This is the month of halloween, and skeletons, goblins, and guts will make their annual appearance. In medicine, we tend to see bones and organs in a different way that this freaky holiday portrays however.
Since the skeleton and organs are on the inside of the body, we often require some means of diagnostic
imaging to see them. Diagnostic imaging can include a variety of tools-the most common being x-rays (radiographs) and ultrasound. Others include things such as CT scans, MRI scans, endoscopy (and it’s many branches), fluoroscopy, or PET scans.
Radiographs or x-rays are one of the most commonly used diagnostic imaging tools used. They take a two dimensional picture of an area of the body. They can see bones and metal as bright white, and gas or air as dark black, and fluid, fat, and other soft tissues as other shades of gray. It can reveal the outline of organs as well seeing some of the contents in the stomach or intestines. X-rays can be used to see if there is heart enlargement, fluid buildup, foreign body ingestions, tumors, fractures, bladder stones, or infections present. X-rays are not the best at seeing inside some of the other organs such as the liver, kidneys, spleen, or pancreas.
Radiograph of abdomen of a male dog.
Ultrasound is another common tool used to image the inside of a pet’s body. The ultrasound is a real time movie of the organ’s insides, and can show blood flow and movement. It has a hard time determining overall size of an organ, so x-rays are still often used to determine if a liver or heart for example are enlarged. An echocardiogram is an ultrasound of the heart, and can be used to see the values, wall thickness, and look for turbulent blood flow (murmurs). Abdominal ultrasounds are able to look inside the liver, gall bladder, spleen, kidneys, bladder and intestines. It can find small organs not visible on x-rays such as the adrenal glands, lymph nodes, and the pancreas. However, ultrasounds cannot see through gas, so it has a difficult time seeing all of the intestinal tract and stomach, and cannot be used well to look at the lungs.
Ultrasound of abdomen. Spleen across top, left kidney in the center of the photo.
Pets can undergo CT or MRI scans as well. They have to be anesthetized to have these performed, but these diagnostic tools give a better look inside the body. They can be used to look at the brain, spinal cord, look for pinched nerves/slipped discs or intervertebral disc disease and for this reason are useful in planning back surgeries. They can be used to look for tumors and tumor spread, and can often be used to plan surgical removal or or radiation treatment of certain types of cancer.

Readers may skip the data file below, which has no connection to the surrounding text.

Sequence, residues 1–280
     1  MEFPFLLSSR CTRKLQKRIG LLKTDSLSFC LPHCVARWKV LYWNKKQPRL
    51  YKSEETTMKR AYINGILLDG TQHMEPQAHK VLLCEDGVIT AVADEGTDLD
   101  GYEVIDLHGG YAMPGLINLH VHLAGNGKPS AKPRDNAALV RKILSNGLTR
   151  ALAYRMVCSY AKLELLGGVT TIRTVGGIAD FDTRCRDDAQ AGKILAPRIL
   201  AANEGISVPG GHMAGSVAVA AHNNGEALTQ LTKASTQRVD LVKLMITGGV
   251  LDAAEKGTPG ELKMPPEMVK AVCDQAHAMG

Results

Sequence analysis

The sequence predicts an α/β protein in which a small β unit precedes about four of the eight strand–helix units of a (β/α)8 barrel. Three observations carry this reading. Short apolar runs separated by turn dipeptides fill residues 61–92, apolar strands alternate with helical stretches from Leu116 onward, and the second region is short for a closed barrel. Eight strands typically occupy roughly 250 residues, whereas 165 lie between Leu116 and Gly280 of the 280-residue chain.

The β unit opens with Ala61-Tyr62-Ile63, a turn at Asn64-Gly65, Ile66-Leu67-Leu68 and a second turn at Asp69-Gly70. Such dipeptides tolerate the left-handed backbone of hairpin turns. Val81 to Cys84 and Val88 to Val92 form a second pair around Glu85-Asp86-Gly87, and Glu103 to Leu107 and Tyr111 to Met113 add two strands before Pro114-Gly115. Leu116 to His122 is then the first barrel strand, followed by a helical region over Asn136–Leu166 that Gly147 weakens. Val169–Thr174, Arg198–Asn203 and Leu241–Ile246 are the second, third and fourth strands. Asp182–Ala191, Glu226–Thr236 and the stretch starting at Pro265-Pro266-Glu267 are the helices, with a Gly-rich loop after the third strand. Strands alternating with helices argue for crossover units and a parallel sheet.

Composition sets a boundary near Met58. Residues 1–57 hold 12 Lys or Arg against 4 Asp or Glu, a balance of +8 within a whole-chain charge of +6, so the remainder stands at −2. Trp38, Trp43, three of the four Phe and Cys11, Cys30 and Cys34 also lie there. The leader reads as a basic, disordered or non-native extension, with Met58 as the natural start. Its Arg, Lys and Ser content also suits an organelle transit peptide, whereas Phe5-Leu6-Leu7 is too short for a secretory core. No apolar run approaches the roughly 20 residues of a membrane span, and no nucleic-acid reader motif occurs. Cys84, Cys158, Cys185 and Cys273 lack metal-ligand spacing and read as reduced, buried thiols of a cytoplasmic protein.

Another diagnostic imaging tool available is endoscopy. This involved using a camera scope to look inside certain organs such as the GI tract (endoscopy or colonoscopy), inside the airways (bronchoscopy), inside the nose (rhinoscopy), inside the ears (otoscopy) or inside the joints (arthroscopy). Small samples of tissues can often be taken when using a scope to help get a diagnosis. Sometimes removal of foreign material or tumors or polyps can also be performed with a scope.
Fluoroscopy is very similar to x-rays, but it is a live movie like x-ray. It is used for things that are dynamic, such as collapsing tracheas or swallow studies. This is only done at specialty clinics.
Lastly, some animals can have a PET scan done. PET scans are a specialized test where a radioactive medication is given, and images are taken to see where the medication travels in the body and where there is uptake. For instance, thyroid cancers tend to uptake radioactive iodine medications. This is a very specialized type of diagnostic imaging that is only used in certain cases and is performed by specialists.
Overall, with the variety of diagnostic imaging tools available in the medicine field, we are able to diagnose a variety of diseases, perform surgery or start medications to help manage, treat, or even cure these diseases, and to monitor progress. Through imaging, we are able to offer better medicine for our pets!
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